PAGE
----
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Herschel Walker thinks Ezekiel Elliott is leading a running back revival

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One of the best to ever run the rock points to a resurgence at the running back position.

SiriusXM at Super Bowl LI Radio Row Photo by Cindy Ord/Getty Images for SiriusXM

The way that NFL running backs are viewed today has changed drastically as the decades have passed, especially with offenses becoming more pass-oriented.

Yet former NFL running back Herschel Walker is confident that running backs like Ezekiel Elliott and 2016 Doak Walker Award winner D’Onta Foreman from Texas are going to make the position a hot commodity again.

Walker had great things to say about Elliott in particular.

"I love Zeke. I love his fire and the way he plays," Walker told the Dallas Morning News. "Elliott loves to play football. It's amazing that he's carrying the ball 30-some times a day. People don't know, that's tough.”

Elliott had one heck of a season. Not only did he lead the league in rushing as a rookie with 1,631 yards, he led the league in carries, and was third in touchdowns with 15. The Cowboys offensive line gets a lot of credit, as it should, but there’s no denying that Elliott is an incredible young talent.

In stressing the importance of the position, Walker indicated that to win Super Bowls, teams have to be able to run the ball.

"Even though they talk about the West Coast offense and all this stuff, to be honest, whenever you want to win the Super Bowl, who do you go to? The running back,” Walker said. “Because you can pass the ball all you want to do, but when you want to win the game you better be able to run the ball and you better have that running back."

That’s some advice the Falcons could have used a couple of weeks ago. Devonta Freeman and Tevin Coleman helped run the Falcons to the Super Bowl, but then they blew a 25-point lead to the Patriots after sticking with their guns and throwing the ball as opposed to running it. Neither the Patriots nor the Falcons put up huge numbers on the ground, but even down by what seemed an insurmountable lead, the Patriots still relied on James White, who ran in the game-tying and game-winning touchdowns.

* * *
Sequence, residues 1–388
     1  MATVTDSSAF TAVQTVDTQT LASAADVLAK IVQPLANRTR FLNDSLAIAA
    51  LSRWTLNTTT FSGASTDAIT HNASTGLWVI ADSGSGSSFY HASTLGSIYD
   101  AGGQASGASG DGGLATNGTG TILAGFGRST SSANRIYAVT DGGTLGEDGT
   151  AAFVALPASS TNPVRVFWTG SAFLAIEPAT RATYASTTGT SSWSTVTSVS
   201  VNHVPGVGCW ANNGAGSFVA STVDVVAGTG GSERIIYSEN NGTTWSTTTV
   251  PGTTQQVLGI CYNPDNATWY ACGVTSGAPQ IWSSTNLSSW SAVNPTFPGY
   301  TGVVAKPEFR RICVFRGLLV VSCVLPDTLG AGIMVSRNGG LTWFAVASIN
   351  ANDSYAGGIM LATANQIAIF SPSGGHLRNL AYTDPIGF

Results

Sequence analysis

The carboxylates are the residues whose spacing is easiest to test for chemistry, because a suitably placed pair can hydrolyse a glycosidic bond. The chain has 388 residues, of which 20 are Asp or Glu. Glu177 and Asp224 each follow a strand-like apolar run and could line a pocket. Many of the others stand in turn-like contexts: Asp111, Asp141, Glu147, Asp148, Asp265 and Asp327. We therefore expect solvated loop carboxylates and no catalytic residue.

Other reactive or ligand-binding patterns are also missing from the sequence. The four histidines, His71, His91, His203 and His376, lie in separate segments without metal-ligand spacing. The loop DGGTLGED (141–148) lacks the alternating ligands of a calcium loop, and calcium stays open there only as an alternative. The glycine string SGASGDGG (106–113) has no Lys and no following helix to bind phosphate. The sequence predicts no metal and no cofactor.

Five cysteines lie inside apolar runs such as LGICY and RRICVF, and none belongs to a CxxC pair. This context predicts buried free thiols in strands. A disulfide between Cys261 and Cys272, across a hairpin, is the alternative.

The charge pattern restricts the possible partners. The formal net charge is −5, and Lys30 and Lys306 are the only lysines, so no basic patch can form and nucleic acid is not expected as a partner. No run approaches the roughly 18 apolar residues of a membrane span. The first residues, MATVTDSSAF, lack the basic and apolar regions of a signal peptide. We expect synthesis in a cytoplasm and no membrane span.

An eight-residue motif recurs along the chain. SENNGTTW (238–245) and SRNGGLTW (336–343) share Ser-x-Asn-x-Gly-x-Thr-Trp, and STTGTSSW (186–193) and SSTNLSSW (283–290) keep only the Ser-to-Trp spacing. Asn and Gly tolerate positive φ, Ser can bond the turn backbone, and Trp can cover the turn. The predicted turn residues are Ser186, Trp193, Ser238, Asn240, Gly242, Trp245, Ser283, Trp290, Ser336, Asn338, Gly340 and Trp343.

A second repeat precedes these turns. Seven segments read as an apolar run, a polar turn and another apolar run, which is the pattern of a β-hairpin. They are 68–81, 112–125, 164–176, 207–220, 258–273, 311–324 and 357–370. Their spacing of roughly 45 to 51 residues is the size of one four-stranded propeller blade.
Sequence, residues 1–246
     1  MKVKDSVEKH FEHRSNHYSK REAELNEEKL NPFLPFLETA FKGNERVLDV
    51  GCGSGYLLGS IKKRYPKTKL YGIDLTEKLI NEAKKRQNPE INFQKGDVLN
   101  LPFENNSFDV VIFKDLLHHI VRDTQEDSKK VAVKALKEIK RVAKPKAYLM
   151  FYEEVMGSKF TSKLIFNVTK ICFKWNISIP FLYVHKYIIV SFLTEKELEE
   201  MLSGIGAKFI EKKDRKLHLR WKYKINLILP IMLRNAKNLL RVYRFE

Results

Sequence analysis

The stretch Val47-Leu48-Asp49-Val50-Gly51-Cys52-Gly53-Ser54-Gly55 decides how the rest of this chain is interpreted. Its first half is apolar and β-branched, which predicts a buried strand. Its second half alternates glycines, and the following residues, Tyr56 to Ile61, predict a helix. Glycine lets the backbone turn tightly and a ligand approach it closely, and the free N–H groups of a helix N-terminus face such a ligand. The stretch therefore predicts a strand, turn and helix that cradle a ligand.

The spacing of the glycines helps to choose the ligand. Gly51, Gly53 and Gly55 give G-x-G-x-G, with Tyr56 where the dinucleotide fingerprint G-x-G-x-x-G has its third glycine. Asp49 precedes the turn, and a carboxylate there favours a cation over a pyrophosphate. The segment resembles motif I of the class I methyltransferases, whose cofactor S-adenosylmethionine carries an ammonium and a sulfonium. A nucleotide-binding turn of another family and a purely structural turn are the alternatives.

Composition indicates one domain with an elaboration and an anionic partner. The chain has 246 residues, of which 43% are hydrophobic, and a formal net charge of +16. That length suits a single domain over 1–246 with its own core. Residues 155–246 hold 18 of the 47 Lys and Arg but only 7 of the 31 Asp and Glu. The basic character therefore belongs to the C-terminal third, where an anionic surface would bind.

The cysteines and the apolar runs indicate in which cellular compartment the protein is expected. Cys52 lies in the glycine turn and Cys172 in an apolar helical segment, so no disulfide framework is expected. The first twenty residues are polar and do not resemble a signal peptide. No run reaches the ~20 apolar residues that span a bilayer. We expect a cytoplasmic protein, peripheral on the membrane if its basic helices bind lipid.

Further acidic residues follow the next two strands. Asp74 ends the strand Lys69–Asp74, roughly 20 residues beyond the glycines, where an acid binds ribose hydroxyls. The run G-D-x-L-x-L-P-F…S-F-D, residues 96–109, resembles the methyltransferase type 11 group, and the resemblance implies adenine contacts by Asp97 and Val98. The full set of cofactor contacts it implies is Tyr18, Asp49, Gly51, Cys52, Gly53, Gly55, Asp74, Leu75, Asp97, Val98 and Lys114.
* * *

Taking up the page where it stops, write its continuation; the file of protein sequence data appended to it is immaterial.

As Walker said, while the games have become more centered around passing, ultimately teams need running backs to finish the deal. Typically teams that can run the ball well and play defense have success in the postseason.

There are other young backs who are helping the resurgence of the position. And they do pretty well in passing situations, too.

In the playoffs, Freeman shook the soul out of this Seahawks defender:

Le’Veon Bell has created his own style as one of the most patient backs we’ve ever seen, appearing to almost come to a complete stop and somehow not losing speed:

Todd Gurley had one heck of a rookie year before things went off the rails in Los Angeles this past season, and Melvin Gordon had a breakout sophomore season before falling to injury.

The life span on the careers for running backs might not be the longest, but when you play like some of these guys do, that value is too great to pass up. And of course, if anybody would know a great running back, it’s Walker.